First off, the very best pie plate is any pie plate. Because any pie plate means there’s going to be a pie, and that’s the important thing.
That said, there are several facets of a pie plate that I pay close attention to when there is a selection to be made: depth, size, rim, and material.
In the kitchen of Maryalice, my mama, there is one plate that surpasses all others. I cannot link you over to this or that site so you can get one too, though perhaps you have something of a similar ilk, if not for pie then for other pursuits in your kitchen.
Her plate is part of family lore, and she thinks she could get herself quite a nice review of it at the Antiques Road Show. Heavy stoneware, scarred with the beauty of age and use, and decorated with graceful embossed green flowers, this was Alice’s pie plate, my mother’s mother. And Alice’s pie legacy, like my mother’s, is formidable.
The beloved plate is a big plate, but fairly shallow, and shallowness is one of the indicators of a good pie plate in our neck of the woods. A shallower plate rather than a deep dish fits our double crust recipe perfectly, and gives a good ratio of filling to crust (crust taking a starring role).
Also, on this and many other of our plates, there is no helpful indication of size on the bottom. Holding another plate up to it doesn’t always reveal a size, so measure it we must. This is not the only plate in the stack with no measurement on it, and though it’s safe to say that pie plates are 8”, 9”, or 10” and a frequent pie baker can tell at a glance which is which, sometimes you feel the need to measure, especially if there is only one plate and nothing to compare it to for relative size. Gotta know the size because crust recipes are based on that size, and amount of filling is measured against that too.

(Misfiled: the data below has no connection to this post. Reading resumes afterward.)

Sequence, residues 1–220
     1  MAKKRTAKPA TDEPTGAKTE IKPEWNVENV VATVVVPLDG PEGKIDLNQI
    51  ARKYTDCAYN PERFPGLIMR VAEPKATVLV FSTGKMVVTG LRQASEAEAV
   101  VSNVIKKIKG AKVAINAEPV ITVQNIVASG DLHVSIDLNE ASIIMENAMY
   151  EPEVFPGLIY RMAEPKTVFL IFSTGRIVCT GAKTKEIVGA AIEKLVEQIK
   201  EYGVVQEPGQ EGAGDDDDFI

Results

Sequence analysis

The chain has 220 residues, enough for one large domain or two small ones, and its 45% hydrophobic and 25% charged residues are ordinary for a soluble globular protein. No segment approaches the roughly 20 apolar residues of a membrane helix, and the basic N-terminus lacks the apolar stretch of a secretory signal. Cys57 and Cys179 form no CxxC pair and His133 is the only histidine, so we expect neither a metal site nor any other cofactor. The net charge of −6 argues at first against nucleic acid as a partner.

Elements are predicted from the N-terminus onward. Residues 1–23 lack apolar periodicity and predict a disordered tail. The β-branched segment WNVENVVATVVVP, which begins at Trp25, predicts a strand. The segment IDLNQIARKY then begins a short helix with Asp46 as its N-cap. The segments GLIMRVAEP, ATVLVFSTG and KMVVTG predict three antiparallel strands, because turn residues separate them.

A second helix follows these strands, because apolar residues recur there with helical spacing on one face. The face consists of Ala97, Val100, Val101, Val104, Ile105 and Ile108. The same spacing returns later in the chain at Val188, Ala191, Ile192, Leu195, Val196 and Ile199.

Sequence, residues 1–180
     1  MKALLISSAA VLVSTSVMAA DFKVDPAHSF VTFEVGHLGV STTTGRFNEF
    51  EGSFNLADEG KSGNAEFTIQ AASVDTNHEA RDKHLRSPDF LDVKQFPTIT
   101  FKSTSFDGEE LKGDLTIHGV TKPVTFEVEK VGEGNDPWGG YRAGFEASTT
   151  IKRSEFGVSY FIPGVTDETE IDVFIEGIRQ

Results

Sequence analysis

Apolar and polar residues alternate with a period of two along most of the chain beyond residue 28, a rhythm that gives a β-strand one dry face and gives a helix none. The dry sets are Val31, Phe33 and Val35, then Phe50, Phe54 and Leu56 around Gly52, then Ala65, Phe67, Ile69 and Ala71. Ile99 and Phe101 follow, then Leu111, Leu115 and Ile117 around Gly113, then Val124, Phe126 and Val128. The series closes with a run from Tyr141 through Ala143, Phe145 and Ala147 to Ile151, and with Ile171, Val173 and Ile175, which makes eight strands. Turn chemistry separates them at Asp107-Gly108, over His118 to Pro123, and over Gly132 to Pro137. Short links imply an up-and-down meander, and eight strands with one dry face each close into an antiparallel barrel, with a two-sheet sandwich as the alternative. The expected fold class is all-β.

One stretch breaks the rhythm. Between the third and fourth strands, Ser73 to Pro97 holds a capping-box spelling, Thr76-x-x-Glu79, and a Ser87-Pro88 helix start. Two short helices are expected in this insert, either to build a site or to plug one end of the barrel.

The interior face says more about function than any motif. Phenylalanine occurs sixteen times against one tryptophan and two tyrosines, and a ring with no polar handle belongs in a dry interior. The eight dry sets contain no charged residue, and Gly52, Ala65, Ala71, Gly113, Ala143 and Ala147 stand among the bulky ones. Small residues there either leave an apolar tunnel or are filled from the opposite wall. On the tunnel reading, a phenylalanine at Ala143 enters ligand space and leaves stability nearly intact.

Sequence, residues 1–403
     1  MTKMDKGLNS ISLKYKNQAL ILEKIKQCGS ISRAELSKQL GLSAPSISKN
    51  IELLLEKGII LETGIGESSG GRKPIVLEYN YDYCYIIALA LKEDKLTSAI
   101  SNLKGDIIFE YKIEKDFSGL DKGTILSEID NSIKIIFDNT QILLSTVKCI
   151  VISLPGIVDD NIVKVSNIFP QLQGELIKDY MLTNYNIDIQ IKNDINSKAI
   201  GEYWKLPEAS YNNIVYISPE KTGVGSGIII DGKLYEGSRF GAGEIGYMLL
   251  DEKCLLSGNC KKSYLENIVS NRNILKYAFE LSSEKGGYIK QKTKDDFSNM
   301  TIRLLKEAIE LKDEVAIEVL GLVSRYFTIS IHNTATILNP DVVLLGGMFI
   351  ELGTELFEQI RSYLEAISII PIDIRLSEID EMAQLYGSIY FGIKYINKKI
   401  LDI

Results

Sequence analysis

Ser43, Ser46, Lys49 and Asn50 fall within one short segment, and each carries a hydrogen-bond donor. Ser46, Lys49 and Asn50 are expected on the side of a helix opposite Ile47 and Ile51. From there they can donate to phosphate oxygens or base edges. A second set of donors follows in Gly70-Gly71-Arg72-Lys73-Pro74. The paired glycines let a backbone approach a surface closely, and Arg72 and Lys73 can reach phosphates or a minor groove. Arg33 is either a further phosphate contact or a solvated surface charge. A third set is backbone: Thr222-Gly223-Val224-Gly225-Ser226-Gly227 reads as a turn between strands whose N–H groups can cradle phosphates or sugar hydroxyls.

The correct measure of a pie plate is the diameter (haven’t used that word in a looooong time, thank God) across the top of the plate, from inside edge of any rim across to the opposite inside edge.
That rim may be disregarded for measuring, but it is key for our crust. I’m always at a loss when I have to bake a pie in a plate that doesn’t have that little lip around the edge, or if there is a rim but it’s wavy all the way around—which is too bad, because the Emile Henry plates are beautiful. But I’d never bake a pie in one. The crimping and decorating of the pie edge, Abood-style, requires the rim.
As for material, there is Alice’s pottery plate, but beyond that, we tend to use only glass plates. Pyrex, as standard and unsexy as it may be, works like a charm. I like to see how my crust is baking on the bottom, so the glass is great for that, and glass doesn’t influence baking times the way metals, often dark, can. Plus a glass plate stay nice nearly forever, and the metal ones get all scraped up inside with use—not the sort of patina that is endearing.
I realized recently how subjective the affinity for a particular pie plate can be. Cindy and I were discussing pie, and she reminded me of a pie plate I gave her, an Emile Henry, years ago. I said: but you don’t bake pie in it. She said, always I do. She loves the wavy edge and the deep dish, and said so in unison with me just as I was dissing the wavy edge and deep dish.
She did say that she’s looking for a new crust recipe, which I will give her (despite our differences) and all of you, this week. This crust, my mother’s crust, is finer than fine. So fine, I wager it’s going to be your new favorite, in any plate you choose.